Due to the Covid-19 pandemic, there has been a lot of restructuring and changes going on globally. All sectors are not left out in this change. It is no surprise that the Canada Employment Insurance program also had to restructure its requirement and eligibility process to accommodate more people due to the pandemic.
Employment Insurance (EI) is a program designed by the Canadian government to provide temporary financial relief to unemployed people. This fund is only accessible to people who can prove their unemployment status and show they are actively job hunting.
All applicants who apply for this fund must be willing and able to work and record when they were unemployed. All past employer’s records must be made available, the dates and year of employment and wages must also be documented.
Eligible Work Hours on EI
You can work while on EI if you get employment. However, you must serve your one-week waiting period. This waiting period is applicable to EI regular benefits only. You are eligible for 40 hours of weekly work while on EI benefits.
Your regular benefit will decrease by 50 cents for every dollar of income you earn, up to your earning threshold. This means that if you work while getting EI, half the amount you earn will be taken off your EI benefits.
Generally, your earning threshold is 90% of your regular earning while you were employed. Note that if you earn income above your earning threshold, your regular benefits will decrease dollar for dollar.
You are also not eligible to receive EI benefits if you work a full work week; this is applicable irrespective of the amount you earn. However, this will not decrease the total number of weeks payable on your claim.
You do not need to apply for work while on claim since you are already receiving EI. All you need to do is continue to declare your earnings online. You can view your Claim information and payment details via your My Service Canada Account.
You must report all of your income on your EI reports. If you don’t disclose all your earnings and get caught, all the money you earned will be taken off your benefits.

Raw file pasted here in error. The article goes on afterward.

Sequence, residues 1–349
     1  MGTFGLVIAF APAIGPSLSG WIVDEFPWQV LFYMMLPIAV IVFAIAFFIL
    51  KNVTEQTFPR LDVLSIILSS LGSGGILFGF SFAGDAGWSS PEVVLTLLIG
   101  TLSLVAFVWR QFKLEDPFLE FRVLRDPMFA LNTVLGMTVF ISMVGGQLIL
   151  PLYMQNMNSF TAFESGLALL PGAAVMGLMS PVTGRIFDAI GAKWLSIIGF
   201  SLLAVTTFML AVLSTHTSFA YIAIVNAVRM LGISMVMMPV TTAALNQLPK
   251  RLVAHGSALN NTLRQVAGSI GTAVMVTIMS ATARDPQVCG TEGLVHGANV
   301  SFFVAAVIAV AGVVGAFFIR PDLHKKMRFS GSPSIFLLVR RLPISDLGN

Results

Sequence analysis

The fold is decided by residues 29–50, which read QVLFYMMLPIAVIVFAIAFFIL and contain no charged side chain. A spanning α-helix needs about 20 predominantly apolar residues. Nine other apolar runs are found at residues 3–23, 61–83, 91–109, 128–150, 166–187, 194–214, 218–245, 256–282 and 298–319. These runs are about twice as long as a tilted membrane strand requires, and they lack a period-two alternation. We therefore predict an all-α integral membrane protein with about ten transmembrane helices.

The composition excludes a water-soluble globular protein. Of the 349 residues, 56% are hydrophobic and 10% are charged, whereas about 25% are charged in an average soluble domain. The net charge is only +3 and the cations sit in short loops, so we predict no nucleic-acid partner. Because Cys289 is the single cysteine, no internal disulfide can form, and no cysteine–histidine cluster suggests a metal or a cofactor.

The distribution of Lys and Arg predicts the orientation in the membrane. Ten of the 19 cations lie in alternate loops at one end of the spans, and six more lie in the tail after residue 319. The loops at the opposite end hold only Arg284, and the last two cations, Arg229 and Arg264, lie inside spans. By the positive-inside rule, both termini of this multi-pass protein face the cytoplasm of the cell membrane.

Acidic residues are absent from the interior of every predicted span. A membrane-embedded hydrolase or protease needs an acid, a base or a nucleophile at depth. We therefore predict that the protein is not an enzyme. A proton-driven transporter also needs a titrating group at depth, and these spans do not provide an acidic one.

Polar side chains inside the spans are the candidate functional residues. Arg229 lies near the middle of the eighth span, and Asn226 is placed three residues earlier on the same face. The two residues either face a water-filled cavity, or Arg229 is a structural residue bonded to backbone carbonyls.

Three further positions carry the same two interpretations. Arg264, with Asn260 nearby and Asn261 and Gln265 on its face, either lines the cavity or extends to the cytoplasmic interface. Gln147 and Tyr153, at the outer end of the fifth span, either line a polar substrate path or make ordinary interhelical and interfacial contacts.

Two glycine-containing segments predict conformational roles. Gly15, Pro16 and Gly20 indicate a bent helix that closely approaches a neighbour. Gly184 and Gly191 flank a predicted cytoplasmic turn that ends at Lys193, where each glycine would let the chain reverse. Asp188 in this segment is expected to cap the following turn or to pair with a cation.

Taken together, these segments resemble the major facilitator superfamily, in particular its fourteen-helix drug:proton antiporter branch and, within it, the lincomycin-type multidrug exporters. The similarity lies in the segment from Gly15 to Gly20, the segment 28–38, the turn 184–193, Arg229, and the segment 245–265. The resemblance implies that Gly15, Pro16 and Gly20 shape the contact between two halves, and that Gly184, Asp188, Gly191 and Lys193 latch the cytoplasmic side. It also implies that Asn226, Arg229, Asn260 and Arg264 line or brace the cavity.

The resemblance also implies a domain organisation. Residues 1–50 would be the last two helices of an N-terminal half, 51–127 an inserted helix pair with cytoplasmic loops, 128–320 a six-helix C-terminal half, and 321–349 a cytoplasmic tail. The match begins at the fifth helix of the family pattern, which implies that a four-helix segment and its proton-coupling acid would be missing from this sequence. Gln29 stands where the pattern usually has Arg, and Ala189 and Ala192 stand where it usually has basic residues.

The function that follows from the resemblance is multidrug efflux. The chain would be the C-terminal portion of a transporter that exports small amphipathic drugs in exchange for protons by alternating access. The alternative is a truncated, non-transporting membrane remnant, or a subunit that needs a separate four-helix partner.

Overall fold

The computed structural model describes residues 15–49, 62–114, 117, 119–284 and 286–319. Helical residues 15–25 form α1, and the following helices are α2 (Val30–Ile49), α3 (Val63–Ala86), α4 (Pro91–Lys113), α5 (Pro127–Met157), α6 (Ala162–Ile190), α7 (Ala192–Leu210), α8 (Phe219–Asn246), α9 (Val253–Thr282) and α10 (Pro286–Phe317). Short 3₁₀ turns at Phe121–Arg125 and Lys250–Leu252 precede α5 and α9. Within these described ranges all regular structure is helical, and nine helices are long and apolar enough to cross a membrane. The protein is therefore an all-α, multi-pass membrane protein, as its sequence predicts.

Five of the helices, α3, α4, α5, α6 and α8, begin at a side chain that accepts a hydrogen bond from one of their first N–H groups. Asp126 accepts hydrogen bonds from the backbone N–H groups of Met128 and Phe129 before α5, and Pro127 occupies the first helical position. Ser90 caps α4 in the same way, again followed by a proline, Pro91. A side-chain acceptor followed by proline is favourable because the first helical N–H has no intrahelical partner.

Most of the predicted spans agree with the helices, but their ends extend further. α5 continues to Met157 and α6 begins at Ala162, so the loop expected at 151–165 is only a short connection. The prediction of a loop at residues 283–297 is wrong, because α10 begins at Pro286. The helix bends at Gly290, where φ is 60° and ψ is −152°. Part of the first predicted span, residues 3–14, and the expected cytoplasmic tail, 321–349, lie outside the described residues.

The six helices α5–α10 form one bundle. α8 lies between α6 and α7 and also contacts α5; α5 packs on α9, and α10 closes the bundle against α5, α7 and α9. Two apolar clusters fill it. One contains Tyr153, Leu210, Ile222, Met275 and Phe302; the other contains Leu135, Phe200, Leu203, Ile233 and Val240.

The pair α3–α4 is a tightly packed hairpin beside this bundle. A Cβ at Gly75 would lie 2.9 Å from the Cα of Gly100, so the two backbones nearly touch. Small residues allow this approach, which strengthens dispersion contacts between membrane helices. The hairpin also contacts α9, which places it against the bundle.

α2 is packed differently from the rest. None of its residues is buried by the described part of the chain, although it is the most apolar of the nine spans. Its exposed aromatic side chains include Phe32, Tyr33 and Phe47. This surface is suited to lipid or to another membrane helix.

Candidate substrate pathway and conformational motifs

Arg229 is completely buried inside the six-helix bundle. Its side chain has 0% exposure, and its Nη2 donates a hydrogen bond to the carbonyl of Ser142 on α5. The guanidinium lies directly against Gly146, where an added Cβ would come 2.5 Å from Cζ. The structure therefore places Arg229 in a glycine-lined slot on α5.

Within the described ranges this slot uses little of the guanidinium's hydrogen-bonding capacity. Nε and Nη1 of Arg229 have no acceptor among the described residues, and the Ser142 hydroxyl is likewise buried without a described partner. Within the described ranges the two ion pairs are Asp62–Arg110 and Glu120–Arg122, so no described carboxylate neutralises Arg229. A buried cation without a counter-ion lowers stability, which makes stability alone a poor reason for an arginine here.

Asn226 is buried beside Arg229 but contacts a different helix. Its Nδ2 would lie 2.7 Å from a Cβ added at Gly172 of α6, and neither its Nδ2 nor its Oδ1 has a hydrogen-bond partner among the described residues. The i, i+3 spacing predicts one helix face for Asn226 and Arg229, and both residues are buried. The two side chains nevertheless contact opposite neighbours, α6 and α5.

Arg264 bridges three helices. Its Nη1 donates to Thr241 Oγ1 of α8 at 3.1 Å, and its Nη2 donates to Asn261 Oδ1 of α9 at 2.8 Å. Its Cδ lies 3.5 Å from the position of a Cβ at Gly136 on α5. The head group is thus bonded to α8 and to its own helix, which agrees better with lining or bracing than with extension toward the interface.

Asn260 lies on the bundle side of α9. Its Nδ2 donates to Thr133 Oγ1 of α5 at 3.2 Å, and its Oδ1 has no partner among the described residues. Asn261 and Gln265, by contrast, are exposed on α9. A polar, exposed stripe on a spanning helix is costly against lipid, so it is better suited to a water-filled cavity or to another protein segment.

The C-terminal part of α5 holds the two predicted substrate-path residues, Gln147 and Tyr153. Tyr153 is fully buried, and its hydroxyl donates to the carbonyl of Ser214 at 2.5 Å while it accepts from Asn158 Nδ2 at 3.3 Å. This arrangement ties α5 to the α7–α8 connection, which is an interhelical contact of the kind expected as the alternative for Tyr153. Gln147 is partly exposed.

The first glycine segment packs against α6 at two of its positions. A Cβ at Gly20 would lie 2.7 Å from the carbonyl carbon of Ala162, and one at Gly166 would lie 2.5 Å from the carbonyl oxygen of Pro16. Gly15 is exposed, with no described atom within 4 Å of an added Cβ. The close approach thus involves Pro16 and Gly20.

EI Benefit Duration
The number of weeks you are qualified to receive EI benefits depends on the number of insurable hours you have in the qualifying period. Generally, you can receive benefits from 14 up to 45 weeks.
The CEIC will notify you of the number of weeks you are eligible for when you start receiving your benefits. Note that the benefit you receive must be paid within 52 weeks.
Also, for the recipient of the Worker’s compensation benefit or pregnant women, they may request an extension of the period. This extension will enable them to receive the rest of their entitled benefits.
You can always contact the Service Canada Office if you have other valid reasons to have the period extended to enable collect your benefits.
EI Benefit Amount
Generally, the amount of benefit you will get from EI is 55% of your average insured earnings up to a maximum of CA$537.00 weekly. The calculation to determine the amount you are paid is determined by the number of total wages paid within the last 26 weeks of employment.
Bear in mind that you cannot work full time and receive EI benefits. However, you can work part-time or occasionally and still be entitled to benefits.
You can be fined or sentenced to jail if caught falsifying data or withholding information that would have lessened your benefits. This penalty is applicable if you receive overpayment and do not report it or cash a benefit cheque that does not belong to you.
You may appeal the decision of the Employment Insurance Commission if they terminate your benefit and you disagree with their reasons. To appeal, you are required to complete, print, and sign an online request for reconsideration. You can either submit this form in person or send a letter stating that you wish to appeal and the reason.
Note that you can only appeal with 30 days of receiving notice that your benefits are being terminated. Remember to continue to send in your Claimant’s report cards during the appeal period so that you will receive payment for that period if you win.
Since the CEIC works with you to get employment, it is legal to work while on EI benefits. However, it would be best if you did not surpass the required insurable work hours.
Also, the CEIC will calculate all payments due while working on EI based on your work hours and the amount earned.